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The Power of Essential Oils (They're Not Just Another Term for Aromatherapy)


Vials of essential oils with flowers sticking out used for aromatherapy

The differences between essential oils and aromatherapy


Essential oils are often used in conjunction with aromatherapy but that's only one aspect of their healing power. Aromatherapy and essential oils as terms often overlap on the internet but they are not one and the same. We explain how aromatherapy works, the role of essential oils in it, and how essential oils can be used for healing purposes other than aromatherapy.


Key takeaways:

  • Essential oils and aromatherapy are often used as interchangeable concepts but essential oils have properties way beyond aromatherapy, such as boosting immunity, uplifting the mood, healing skin inflammations, and repelling insects.

  • Aromatherapy is a practice that uses aromatic essential oils to improve the health of the body, mind, and spirit.

  • Aromatherapy is used to reduce stress and ease anxiety among other benefits.

  • Essential oils are concentrated plant extracts that retain their natural scent.

  • Essential oils are powerful and are usually mixed with a carrier oil in aromatherapy when used topically.

  • In aromatherapy, essential oils can be inhaled or applied topically to the skin.

  • The scent of essential oils can have powerful effects on our mental and emotional well-being.

What is aromatherapy?


Aromatherapy is a holistic healing treatment that involves the use of aromatic essential oils to improve the health of the mind, body, and spirit. It has been around for centuries, dating back to ancient cultures in Egypt, China, and India. In fact, massage with essential oils is a principle of Ayurvedic medicine.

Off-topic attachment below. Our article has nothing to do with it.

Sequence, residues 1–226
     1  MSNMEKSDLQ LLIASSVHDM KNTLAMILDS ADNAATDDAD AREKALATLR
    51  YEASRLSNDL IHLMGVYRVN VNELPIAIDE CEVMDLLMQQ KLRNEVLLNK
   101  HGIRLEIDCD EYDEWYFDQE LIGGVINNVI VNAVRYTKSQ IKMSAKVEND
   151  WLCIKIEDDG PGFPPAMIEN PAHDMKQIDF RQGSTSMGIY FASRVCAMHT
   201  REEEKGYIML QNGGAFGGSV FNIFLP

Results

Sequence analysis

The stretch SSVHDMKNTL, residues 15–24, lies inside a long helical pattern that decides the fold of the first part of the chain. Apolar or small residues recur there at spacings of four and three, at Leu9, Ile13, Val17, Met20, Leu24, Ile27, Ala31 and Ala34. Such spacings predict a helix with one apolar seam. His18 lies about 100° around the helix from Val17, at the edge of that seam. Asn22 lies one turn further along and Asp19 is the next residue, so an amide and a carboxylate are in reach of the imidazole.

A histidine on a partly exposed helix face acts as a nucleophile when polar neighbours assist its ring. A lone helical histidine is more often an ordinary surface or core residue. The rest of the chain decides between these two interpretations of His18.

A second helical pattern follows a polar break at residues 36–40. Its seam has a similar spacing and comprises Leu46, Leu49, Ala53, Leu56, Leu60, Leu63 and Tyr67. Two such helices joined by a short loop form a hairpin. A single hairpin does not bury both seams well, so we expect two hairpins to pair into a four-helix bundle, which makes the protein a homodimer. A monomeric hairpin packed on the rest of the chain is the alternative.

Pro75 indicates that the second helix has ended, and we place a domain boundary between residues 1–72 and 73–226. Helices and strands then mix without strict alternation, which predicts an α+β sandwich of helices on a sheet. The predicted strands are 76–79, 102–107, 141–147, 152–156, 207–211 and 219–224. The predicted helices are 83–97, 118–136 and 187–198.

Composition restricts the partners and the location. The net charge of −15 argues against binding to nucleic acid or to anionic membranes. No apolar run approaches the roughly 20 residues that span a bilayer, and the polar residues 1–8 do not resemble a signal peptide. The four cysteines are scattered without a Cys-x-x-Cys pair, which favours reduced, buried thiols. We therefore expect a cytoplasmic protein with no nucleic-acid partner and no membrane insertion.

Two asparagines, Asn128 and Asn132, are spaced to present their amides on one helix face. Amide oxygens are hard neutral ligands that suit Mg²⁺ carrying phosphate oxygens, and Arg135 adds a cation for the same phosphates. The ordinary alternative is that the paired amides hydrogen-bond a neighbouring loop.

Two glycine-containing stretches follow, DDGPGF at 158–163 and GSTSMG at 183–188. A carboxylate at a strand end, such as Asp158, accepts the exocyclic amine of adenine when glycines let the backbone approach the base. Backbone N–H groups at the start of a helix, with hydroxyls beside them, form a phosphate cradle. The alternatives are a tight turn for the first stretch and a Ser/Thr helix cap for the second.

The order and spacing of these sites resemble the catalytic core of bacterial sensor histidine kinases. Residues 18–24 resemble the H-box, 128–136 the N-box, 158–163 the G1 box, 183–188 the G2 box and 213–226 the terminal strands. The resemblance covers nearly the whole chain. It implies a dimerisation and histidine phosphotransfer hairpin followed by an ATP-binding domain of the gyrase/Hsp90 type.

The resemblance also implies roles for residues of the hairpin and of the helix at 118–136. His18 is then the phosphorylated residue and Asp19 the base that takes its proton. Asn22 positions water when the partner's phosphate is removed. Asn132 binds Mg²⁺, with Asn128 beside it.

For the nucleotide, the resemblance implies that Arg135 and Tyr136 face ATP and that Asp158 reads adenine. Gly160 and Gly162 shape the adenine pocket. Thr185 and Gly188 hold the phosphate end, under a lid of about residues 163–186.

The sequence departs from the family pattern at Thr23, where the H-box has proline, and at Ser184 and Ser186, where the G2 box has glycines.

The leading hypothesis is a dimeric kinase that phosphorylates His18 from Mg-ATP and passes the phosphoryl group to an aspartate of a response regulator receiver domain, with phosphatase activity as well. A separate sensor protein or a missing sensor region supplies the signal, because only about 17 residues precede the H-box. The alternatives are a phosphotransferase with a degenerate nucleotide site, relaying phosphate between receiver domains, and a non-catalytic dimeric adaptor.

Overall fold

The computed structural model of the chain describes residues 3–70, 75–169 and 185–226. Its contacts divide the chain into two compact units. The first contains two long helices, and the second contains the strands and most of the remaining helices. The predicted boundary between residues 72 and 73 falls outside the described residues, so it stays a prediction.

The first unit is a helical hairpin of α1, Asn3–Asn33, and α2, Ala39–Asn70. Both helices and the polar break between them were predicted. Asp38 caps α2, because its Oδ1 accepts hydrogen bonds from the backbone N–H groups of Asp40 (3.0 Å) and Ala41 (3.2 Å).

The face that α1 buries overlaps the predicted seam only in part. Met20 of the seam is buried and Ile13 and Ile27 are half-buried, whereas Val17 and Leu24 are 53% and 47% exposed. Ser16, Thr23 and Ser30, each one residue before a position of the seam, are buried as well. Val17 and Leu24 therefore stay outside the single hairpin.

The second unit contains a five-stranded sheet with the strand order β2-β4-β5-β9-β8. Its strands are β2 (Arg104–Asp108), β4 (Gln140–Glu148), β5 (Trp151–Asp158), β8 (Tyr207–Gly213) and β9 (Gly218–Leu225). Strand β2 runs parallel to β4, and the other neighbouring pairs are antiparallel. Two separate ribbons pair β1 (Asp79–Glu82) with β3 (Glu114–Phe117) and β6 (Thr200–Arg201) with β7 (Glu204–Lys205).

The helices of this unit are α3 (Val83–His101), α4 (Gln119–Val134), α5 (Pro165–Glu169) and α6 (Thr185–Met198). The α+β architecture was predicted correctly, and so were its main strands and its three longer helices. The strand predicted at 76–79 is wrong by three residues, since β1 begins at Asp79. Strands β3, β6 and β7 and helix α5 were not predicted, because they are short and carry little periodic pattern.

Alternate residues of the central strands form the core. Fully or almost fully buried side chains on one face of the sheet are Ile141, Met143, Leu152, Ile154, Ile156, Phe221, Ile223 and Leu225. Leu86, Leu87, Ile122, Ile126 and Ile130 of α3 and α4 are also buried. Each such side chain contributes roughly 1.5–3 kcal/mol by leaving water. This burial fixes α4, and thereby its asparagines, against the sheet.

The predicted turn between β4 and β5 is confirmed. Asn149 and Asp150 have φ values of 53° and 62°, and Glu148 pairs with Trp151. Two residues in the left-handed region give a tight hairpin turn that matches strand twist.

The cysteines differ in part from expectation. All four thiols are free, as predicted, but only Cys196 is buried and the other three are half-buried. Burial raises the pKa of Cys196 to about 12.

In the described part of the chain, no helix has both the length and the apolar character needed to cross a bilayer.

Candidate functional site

Aromatherapy is used to reduce stress, ease anxiety and depression, treat headaches, and migraines, boost energy, and fight fatigue. Scent can have a powerful effect on our mental health and emotional state.


What are essential oils?


Essential oils are concentrated plant extracts obtained through distillation or mechanical methods such as cold pressing. The extracts retain the aroma of the plant they were sourced from. Once the extract is obtained, it’s combined with a carrier oil such as coconut, jojoba, or argan oil. Extracted essential oils are highly concentrated and require a carrier oil to dilute them.


How to use essential oils in aromatherapy


Essential oils are integral to aromatherapy. They’re the base upon which the practice is built.


They can be inhaled or applied topically to the skin during aromatherapy. When inhaled, the scent stimulates the olfactory nerves and travels to the brain where it positively affects us physically and emotionally. Certain scents have different effects. For example, one might inhale peppermint or lemon for a quick boost of energy whereas lavender and chamomile are typically used for relaxation or preparing for sleep.


Ways to use essential oils for inhalation:

  • Aromatherapy necklace, bracelet, or keychain – Accessories like these absorb the essential oil so you can get a whiff as often as you’d like throughout the day.

  • Essential oil diffuser – Creates scented vapor that can fill a room or household.

  • Palm inhalation – Tap one drop of an essential oil into the palm of your hand, rub your palms together, cup over your nose, and inhale deeply. You can also add a couple drops to a tissue and inhale.

  • Room spray – Spray more for a concentrated scent and less for a lighter scent.

  • Aromatic bath – Use bath salts made with essential oils or simply add a few drops to warm water.

Essential oils may also be applied topically to the skin in aromatherapy. A good-quality, plant-based, non-toxic essential oil is necessary to avoid reactions.


Ways to use essential oils topically:

  • Massage oil – This is a popular way to apply essential oils topically.